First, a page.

US Cash Deficit January 2015

The US Daily Cash Deficit for Friday 1/30 was $47.4B, pushing the January deficit for the full month to $28B.

2015-01-31 USDD

There were a few surprises. First off, $10.5B of refunds went out. I didn’t expect any material refunds until the first week of February, but there they are. I account for refunds  as negative revenues, so the result was a big hit to January revenues. Other than this, Friday revenues were a bit lower and outlays a bit higher than I would have predicted, pushing the deficit about $18B over the range I provided just a few days ago.


After looking like they were honing in on a solid +3% gain, Friday’s tax refunds pull revenue back under last year for a 1% loss instead. Adding refunds back in gets us to a 2% YOY gain. Withheld taxes were up 2.4%, taxes not withheld were up 7%, while corporate taxes were down 2%. Individual Tax refunds went from $1B last year to $11B. Altogether, it was an ok, but not impressive month for revenues. It will be interesting to watch refunds in February….was Friday’s $10.5B of refunds an indicator of a larger than expected refund season, or just a timing event? I believe that the refund season was delayed a week or so last year due to the late congressional wrangling delaying forms or something… In any case, last February had $128B of refunds. I keep reading that refunds will likely be lower as millions have their Obamacare penalties taken out of their refund, and others who underestimated their income for the Obamacare subsidies will see the difference taken out of their refunds as well. This coupled with the timing event we just saw adds a lot of uncertainty to February. I honestly haven’t a clue, but I’ll peg it at $105B on timing and an overall decrease in refunds.


Outlays end down $3B, helped out by ~$5B or so of interest payments that were bumped to February 2. Also helping was my -$7B adjustment for unamortized discounts and premiums. Generally, this number is positive as debt is sold at a discount…for example a $100 bond sold for $99. Rather than attempting to track and amortize hundreds of issues, i would just book the $1 as essentially an outlay in the period incurred, while the accountants would instead recognize it as interest over the life of the debt. Over time it all zeroes out. In any case, while these are generally positive…and thus increase outlays, this month we have a -$7.3B…essentially an offset to outlays. Negatives are not unprecedented….they would indicate that on average more debt was sold at a premium for whatever reason last month. In that case, we get $101 cash, for  a $100 bond. For more information on this, read here….or you could just trust me on this one 🙂 In 2014, this averaged about +$4B per month….it will be interesting to see if that trend changes. If you add those two items back in and you get to a 2-3% YOY growth rate in outlays, which could indicate after 5 years of stability, outlays are about to start growing again. Looking to the categories, we see small reductions in defense vendor spending… most categories fairly flat, maybe down a little and the SS, Medicare and Medicaid up +14B together.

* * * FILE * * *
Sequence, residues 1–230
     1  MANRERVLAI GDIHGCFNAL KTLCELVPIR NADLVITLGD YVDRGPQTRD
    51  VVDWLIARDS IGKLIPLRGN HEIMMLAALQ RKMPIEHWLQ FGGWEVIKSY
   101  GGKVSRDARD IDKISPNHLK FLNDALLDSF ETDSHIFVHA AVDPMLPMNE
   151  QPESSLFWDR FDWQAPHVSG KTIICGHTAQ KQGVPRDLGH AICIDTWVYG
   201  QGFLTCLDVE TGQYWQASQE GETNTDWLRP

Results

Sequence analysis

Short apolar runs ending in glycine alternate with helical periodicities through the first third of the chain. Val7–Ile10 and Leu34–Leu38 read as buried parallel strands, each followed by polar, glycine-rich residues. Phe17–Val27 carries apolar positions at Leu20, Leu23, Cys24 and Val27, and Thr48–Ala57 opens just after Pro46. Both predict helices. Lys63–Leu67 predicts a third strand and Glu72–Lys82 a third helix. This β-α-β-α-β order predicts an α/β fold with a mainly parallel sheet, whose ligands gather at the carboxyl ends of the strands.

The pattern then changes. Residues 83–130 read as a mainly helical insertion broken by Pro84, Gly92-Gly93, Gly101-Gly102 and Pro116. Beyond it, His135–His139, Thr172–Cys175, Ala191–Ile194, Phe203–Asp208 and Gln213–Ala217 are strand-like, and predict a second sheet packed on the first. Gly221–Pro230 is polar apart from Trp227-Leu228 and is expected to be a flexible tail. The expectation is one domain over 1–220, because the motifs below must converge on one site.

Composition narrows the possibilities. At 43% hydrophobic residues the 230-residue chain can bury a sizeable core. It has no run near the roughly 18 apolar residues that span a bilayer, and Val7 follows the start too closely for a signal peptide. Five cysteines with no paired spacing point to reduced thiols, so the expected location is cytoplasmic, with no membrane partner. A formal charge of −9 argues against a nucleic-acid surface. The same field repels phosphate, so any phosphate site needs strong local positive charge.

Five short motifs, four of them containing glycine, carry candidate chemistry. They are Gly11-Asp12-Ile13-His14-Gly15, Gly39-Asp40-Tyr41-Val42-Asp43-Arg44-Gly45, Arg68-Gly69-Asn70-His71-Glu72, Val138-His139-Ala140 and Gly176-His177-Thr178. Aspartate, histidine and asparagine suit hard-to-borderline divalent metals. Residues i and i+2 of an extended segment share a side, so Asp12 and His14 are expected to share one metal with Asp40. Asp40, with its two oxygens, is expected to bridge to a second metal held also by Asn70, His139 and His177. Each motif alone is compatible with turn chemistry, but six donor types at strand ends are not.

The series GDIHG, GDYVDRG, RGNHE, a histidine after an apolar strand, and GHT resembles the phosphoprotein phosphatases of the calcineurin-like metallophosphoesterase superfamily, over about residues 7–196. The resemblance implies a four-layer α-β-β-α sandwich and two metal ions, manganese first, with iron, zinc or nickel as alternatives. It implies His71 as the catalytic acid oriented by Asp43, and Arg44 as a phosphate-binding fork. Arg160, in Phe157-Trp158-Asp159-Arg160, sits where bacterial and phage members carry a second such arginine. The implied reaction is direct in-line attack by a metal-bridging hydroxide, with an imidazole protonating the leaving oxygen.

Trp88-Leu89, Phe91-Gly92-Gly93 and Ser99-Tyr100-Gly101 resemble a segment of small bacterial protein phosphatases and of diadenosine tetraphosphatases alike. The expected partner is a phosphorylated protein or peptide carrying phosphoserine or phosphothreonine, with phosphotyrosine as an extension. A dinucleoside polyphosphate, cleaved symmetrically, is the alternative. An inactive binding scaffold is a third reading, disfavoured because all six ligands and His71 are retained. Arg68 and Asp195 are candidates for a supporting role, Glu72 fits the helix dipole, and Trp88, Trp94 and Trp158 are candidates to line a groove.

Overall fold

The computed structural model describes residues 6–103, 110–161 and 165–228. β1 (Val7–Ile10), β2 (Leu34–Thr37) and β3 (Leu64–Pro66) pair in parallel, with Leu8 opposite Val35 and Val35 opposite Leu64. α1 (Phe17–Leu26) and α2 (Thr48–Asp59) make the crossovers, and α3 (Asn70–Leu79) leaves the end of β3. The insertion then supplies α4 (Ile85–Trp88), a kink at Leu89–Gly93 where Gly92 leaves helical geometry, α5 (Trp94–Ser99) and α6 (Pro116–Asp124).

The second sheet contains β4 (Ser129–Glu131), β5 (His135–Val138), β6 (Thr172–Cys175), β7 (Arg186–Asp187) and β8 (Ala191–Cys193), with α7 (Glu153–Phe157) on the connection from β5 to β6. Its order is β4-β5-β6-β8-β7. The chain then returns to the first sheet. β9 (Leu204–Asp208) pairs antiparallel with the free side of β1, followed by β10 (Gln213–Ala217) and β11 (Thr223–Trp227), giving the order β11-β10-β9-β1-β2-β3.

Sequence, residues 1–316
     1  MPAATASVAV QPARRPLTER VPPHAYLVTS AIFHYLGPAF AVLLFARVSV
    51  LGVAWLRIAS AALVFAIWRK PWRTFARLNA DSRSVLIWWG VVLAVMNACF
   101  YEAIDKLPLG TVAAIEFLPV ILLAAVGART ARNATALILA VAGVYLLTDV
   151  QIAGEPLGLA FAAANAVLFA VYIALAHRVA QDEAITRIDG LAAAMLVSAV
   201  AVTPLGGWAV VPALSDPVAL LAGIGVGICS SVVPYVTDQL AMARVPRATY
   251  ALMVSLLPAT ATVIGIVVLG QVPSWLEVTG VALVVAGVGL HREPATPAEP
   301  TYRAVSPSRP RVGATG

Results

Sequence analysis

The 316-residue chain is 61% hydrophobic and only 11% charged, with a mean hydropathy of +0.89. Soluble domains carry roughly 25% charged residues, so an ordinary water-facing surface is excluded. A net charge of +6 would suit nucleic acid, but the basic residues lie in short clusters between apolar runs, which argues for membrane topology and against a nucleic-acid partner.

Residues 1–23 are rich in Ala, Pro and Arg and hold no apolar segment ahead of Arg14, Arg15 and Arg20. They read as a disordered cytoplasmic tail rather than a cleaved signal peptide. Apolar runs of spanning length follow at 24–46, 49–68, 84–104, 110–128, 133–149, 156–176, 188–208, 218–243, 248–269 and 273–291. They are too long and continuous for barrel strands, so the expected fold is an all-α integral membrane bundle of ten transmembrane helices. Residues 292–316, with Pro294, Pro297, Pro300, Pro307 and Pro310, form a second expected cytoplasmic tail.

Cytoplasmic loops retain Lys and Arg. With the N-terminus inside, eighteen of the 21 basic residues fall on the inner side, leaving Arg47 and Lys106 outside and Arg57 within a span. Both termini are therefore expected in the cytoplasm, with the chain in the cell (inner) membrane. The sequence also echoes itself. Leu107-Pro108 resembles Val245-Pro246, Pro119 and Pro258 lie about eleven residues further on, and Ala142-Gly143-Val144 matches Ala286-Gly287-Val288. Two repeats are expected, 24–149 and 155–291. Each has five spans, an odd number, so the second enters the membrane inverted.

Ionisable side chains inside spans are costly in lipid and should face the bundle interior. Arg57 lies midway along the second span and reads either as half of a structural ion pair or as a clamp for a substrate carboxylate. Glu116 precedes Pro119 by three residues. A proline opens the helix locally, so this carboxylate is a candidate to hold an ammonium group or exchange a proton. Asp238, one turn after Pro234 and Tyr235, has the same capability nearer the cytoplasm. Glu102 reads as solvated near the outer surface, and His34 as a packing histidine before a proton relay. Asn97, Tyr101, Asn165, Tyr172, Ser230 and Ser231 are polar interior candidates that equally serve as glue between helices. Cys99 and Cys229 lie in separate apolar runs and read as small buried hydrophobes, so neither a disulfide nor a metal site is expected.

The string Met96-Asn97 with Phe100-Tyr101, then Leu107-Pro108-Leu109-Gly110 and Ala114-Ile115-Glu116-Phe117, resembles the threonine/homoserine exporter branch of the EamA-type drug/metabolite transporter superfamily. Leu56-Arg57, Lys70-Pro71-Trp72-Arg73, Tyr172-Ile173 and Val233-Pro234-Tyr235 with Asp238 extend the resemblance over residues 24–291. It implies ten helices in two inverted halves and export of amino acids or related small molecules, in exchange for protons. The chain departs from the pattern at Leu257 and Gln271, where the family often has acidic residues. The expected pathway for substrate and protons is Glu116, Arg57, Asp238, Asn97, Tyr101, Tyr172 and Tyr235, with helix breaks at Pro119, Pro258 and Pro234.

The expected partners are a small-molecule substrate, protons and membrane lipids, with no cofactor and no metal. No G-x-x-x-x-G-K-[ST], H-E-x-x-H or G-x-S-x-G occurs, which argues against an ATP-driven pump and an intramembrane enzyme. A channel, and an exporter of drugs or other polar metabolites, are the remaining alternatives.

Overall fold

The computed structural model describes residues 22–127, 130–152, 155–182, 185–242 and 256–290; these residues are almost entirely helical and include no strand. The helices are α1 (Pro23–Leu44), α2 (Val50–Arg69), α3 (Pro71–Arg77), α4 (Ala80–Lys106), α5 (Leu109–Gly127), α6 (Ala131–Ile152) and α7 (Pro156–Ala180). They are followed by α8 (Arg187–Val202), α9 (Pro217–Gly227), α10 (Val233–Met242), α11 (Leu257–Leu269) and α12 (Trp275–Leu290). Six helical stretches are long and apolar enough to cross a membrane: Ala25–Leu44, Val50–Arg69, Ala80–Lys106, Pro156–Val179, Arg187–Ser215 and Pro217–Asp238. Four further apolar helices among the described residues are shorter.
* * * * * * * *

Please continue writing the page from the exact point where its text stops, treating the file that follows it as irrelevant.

January Summary:

Add it all up and adjust for timing, and January basically looks like revenue +2-3% and outlays +2-3%, which is a pretty solid recipe for another $600B deficit in 2015. But…the year is young and February through April are notoriously unpredictable.

February Forecast:

Before I attempt to predict the “notoriously unpredictable”, let’s take a look at January’s forecast. My early forecast was for a ~$20B deficit, we ended up at $28B, for a $8B miss, a little bit better than my average miss of $11B. However, the internals were not as pretty. It turns out that my revenue forecast was about $15B high, offset by my outlay forecast which missed by $8B the other way. Usually that’s how it goes….I aim for the middle, and hope all the randomness and surprises net out. Sometimes it does, sometimes it doesn’t.

For February, I’m going to forecast a $210B deficit, which includes backing my revenue growth back a few %, as well as backing down expected refunds for timing and Obamacare as discussed above.  So stay tuned….the next few months should be fairly interesting…well…you know 🙂